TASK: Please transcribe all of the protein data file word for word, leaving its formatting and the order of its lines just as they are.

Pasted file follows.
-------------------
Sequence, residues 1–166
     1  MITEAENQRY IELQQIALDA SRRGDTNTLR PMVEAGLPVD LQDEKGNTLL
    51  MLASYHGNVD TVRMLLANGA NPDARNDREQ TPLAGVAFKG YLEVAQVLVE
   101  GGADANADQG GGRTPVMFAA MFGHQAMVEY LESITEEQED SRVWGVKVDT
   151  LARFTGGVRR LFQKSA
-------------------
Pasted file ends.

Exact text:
Sequence, residues 1–166
     1  MITEAENQRY IELQQIALDA SRRGDTNTLR PMVEAGLPVD LQDEKGNTLL
    51  MLASYHGNVD TVRMLLANGA NPDARNDREQ TPLAGVAFKG YLEVAQVLVE
   101  GGADANADQG GGRTPVMFAA MFGHQAMVEY LESITEEQED SRVWGVKVDT
   151  LARFTGGVRR LFQKSA